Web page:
The Best Strategies for Effective Nonprofit Governance

Without good governance, everything would go into complete chaos, and nonprofit organizations are no different. From coordinating volunteers and full-time employees to working with the finances and the charitable cause, there is no shortage of things that could potentially go wrong, leading to conflicts and commercial insurance claims for your nonprofit.

That’s why it’s so important to focus on the likeness of a government, which in turn makes an organization effective. In the end, it comes down to pristine communication skills and the ability to adapt to anyone you come across in the workspace.

Where do you start when it comes down to taking control of your organization? No one likes a tyrant, but no one cares for a pushover either. Getting the best possible balance of pride, priority, and consistency is key for any business to move forward.

There are certain ways to maintain a nonprofit for the long-term that is successful in the present and for years to come. If you’re wondering where you should start to concoct the perfect recipe for a positive workplace, here are some key tips to consider, via the National Council of Nonprofits.

Five Basic Good Governance Practices

Every organization should implement these core governance policies. They will help the organization to run smoothly and will establish a strong precedent to prevent future insurance claims.

  • When board meetings happen, maintain corporate minutes. This also goes for any committee or board meeting that happens on behalf of the organization. These things come in handy for IRS Form 990, Part VI, Section A, line 8. They will also come in handy if anything said or done during or as a result of a board meeting is called into question. Having meticulously documented minutes could be your saving grace.
  • Written policies and questionnaires regarding conflicts of interest should be reviewed annually. Document in each board meeting when the policy is utilized. You’re going to need to know it for IRS Form 990, Part VI, Section B, Line 12. Additionally, documenting your policies will improve transparency and consistency in their application, and updating them regularly will allow you to review what is and isn’t working for you.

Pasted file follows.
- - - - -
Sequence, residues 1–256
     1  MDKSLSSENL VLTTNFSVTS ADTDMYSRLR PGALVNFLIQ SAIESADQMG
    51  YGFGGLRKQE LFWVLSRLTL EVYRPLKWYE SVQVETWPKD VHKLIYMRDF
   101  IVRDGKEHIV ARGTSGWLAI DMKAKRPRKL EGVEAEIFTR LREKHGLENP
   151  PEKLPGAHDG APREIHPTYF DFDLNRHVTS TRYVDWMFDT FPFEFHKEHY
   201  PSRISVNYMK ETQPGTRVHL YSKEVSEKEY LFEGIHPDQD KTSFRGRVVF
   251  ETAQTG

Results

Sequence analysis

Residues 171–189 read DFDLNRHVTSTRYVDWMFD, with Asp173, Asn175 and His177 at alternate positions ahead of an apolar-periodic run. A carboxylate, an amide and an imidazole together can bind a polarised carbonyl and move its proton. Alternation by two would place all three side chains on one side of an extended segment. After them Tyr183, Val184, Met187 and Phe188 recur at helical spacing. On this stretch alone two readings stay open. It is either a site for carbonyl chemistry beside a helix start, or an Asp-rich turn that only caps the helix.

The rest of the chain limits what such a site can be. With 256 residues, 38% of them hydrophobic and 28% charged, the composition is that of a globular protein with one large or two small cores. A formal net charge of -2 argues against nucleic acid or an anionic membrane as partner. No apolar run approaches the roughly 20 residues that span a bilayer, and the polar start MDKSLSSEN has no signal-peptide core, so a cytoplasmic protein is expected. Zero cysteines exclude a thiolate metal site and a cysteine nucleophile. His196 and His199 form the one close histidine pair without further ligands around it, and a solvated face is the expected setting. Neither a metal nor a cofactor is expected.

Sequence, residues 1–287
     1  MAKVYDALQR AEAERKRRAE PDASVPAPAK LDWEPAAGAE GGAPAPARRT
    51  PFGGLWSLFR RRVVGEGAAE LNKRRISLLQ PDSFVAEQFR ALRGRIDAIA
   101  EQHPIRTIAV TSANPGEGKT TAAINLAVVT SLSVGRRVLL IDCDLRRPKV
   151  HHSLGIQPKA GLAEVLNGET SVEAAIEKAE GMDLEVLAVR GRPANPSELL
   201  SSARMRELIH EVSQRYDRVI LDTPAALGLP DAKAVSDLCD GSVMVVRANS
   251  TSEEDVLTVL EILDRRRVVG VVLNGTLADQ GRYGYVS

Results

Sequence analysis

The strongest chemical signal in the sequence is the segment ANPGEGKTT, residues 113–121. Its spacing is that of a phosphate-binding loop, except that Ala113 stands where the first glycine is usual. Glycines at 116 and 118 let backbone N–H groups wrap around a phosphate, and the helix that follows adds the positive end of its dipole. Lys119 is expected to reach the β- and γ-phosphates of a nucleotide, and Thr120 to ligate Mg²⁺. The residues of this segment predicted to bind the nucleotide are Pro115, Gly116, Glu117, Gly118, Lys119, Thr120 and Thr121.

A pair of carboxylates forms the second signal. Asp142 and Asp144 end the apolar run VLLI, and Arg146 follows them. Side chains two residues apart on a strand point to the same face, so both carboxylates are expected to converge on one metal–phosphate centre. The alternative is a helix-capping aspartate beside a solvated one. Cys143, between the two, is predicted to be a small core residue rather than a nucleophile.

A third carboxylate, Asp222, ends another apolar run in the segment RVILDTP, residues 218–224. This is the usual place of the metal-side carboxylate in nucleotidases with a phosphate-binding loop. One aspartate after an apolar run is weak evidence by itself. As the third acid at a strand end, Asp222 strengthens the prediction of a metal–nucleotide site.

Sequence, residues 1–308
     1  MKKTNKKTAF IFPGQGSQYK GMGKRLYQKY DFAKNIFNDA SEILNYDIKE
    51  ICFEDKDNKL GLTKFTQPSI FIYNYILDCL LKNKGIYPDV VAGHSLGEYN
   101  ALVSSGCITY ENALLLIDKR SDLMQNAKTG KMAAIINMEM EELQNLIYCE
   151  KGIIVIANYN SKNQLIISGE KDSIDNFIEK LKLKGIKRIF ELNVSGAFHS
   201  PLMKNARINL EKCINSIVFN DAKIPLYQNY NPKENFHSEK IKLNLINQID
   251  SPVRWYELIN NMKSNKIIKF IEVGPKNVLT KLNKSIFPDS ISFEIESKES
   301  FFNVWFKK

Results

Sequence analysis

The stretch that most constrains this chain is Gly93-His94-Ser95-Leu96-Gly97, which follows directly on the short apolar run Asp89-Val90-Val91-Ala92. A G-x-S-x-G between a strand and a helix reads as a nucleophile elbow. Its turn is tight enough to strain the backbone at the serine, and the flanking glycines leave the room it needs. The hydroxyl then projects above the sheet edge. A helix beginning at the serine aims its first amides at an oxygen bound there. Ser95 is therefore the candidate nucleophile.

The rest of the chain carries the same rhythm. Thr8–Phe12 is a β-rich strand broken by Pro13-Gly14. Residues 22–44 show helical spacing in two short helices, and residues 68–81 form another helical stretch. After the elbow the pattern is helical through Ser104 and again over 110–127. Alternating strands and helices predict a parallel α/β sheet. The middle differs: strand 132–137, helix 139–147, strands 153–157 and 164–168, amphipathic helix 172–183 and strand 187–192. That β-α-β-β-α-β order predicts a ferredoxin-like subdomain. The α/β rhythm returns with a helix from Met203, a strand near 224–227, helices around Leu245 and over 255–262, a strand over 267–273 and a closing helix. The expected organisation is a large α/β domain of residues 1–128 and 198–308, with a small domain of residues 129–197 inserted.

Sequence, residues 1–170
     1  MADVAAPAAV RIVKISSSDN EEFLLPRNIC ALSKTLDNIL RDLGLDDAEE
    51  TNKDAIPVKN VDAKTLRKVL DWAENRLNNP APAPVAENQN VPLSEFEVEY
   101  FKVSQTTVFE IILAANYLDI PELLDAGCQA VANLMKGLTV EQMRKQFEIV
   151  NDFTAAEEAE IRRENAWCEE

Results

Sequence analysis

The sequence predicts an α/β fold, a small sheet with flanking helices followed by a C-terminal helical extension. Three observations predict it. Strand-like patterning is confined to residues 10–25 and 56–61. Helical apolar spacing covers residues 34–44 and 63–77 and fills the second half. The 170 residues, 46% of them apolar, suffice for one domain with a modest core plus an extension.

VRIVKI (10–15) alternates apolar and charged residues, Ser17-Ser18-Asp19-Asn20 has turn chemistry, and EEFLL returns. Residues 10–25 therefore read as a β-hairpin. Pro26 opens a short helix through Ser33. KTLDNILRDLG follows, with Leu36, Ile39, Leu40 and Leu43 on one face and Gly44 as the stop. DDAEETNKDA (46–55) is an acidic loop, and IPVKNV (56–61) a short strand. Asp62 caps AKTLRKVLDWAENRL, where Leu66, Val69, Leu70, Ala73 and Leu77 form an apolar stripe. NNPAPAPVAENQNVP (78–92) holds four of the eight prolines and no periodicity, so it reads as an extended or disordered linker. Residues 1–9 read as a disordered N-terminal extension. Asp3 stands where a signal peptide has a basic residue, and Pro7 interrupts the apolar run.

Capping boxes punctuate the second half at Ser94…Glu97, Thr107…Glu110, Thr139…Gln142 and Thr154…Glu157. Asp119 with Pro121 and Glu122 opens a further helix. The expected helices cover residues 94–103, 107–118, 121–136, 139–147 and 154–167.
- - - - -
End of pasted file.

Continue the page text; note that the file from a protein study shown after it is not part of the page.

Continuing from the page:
• Executive director and CEO compensations and benefits must be approved, with the board determining what expenditures are appropriate or not. The key is to look for anything that is excessive. This would be for IRS Form 990, Part VI, Section B, line 15.
  • The board must require a copy of the IRS Form 990 before it is filed. This impacts IRS Form 990, Part VI, Section B, line 11. For a smaller nonprofit who only fills out Form 990-N, everyone on the board needs to be aware of when it needs to be filed annually.
  • The last three annual returns from the IRS should be publicly available for everyone to see, as well as tax-exemption applications and anything else related to that.

Other Practices to Include, Just in Case

There are a couple of other things that the IRS Form 990 asks whether a nonprofit has officially adopted. Those specifically include:

  • Written whistleblower protection policy
  • Written document retention/destruction policy
  • Written gift acceptance policy to govern the receipt of “non-cash” gifts, such as gifts-in-kind and unusual gifts like land, vehicles, artwork and more.
  • Joint ventures–With your IRS 990 form, it’s imperative to disclose the steps that were taken to avoid prohibited private benefit. This can be found in Part VI, Section B, line 16.

If you’re worried about your nonprofit commercial insurance, here are some of the multiple practices you can take to improve the life and organization of your nonprofit. Simple things like focusing on inclusion, orientations, conflicts of interest, newsletters or even agendas are some ways that you can start making big changes to your organization.

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